Steven Jones decries prejudice
|Posted Oct. 12, 2007|
Jones, C.E.O of Jones and Associates Consulting, Inc., spoke about how to make the dreams of Dr. Martin Luther King Jr. and Shirley Chisholm come true.
“I think a big part of our challenge is to decide when to take a stand,” Jones said.
It is hidden in pop culture when people call each other words such as “wigger” or “banana” or call something stupid “gay.”
The words show that we have not moved on from racism, they show that people have learned how to disguise it better.
Sometimes these feelings do rise above the surface and people voice how they truly feel.
Mel Gibson’s anti-Semitic rant, Michael Richards’s racist remarks and “Grey’s Anatomy” star Isaiah Washington’s homosexual remark are some examples of the racism rearing ots ugly head.
When Hurricane Katrina hit classism and racism were issues that kept aid from coming as soon as it should have, Jones said.
The more recent situation in Louisiana with the Jena 6 reflects how racism has not died.
“I thought it was very relative to the time,” junior behavioral science major Adri Serrano said.
Part of his talk focused on privilege. Everyone has privilege in some way, but it is never thought about, he told the audience.
People who are right-handed are privileged because the world is built for right-handed people.
Heterosexuals do not have to deal with hiding their identity, afraid that people will not accept them.
“It’s not an emotional issue because I’m part of the privileged group,” Jones said.
Music played as Jones walked on the stage.
Jones began to clap and had the audience of roughly 100 join him. People stood and clapped their hands to the beat.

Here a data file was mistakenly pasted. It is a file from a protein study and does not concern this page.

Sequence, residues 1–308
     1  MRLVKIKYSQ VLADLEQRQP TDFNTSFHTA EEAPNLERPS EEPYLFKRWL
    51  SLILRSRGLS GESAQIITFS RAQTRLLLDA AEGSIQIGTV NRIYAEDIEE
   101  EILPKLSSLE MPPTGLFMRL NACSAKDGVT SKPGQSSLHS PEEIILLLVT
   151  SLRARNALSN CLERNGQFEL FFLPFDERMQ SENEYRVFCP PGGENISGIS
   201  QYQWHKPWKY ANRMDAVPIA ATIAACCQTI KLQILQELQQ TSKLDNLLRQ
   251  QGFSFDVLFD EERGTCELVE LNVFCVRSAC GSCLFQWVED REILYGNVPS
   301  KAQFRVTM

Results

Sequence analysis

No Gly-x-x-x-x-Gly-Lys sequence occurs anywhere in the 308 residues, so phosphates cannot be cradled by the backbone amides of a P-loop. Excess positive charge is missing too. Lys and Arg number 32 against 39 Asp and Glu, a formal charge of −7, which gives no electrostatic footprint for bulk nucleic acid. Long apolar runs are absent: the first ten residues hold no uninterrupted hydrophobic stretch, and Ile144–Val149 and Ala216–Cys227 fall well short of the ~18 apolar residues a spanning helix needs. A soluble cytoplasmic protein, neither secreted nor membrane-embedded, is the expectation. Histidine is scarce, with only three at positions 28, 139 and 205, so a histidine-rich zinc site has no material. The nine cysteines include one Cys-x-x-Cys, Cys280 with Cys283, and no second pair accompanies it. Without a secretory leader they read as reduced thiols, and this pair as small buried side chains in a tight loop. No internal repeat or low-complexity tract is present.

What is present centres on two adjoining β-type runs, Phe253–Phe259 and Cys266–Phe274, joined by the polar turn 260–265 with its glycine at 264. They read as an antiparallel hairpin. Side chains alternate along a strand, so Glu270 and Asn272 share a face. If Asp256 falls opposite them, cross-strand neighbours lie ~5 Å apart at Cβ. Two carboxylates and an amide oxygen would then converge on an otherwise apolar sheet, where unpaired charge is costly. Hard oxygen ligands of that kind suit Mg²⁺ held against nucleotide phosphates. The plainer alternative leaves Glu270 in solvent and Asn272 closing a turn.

“It was about the human stuff that we could readily touch and identify with,” said Daniel Loera, director of multicultural affairs and adviser of the Multicultural Club Council.
The Multicultural Club Council was the main sponsor of the event.
“It brought some things to my attention that I had never noticed before,” said Roddy Cobb, a sophomore social science major.
Jones’ speech was not just straight facts and statistics.
He told about his childhood in Louisiana, the different ways he has worked to increase diversity, and his recent trip to Louisiana to participate in the Jena 6 protest.
He also made jokes to lighten up a very heavy subject.
“Power to the right-handed people,” Jones said.
The University of La Verne is his first stop on a 13-city speaking tour.
Jones spoke at the University two years ago for the African American Graduation and was touched by the students who gave speeches at the ceremony which inspired him to return.
When Jones concluded his lecture, the entire audience stood in a standing ovation.
Britney Collins, a senior English major, said Jones’ speech inspired and helped her to be able to recognize and deal with racism.
Although the speech was motivating, the one part that the audience did not like about the event were the technical problems.
There were some microphone issues that delayed the speech several minutes.
This minor annoyance, though, did not take away from his speech.
The night ended with a question and answer session and a book signing.
“Journey to Excellence: An Introduction to E4” is the title of his book.
“The change has already been made,” Jones said. “In the spirit of Dr. King, we’ve got to start marching.”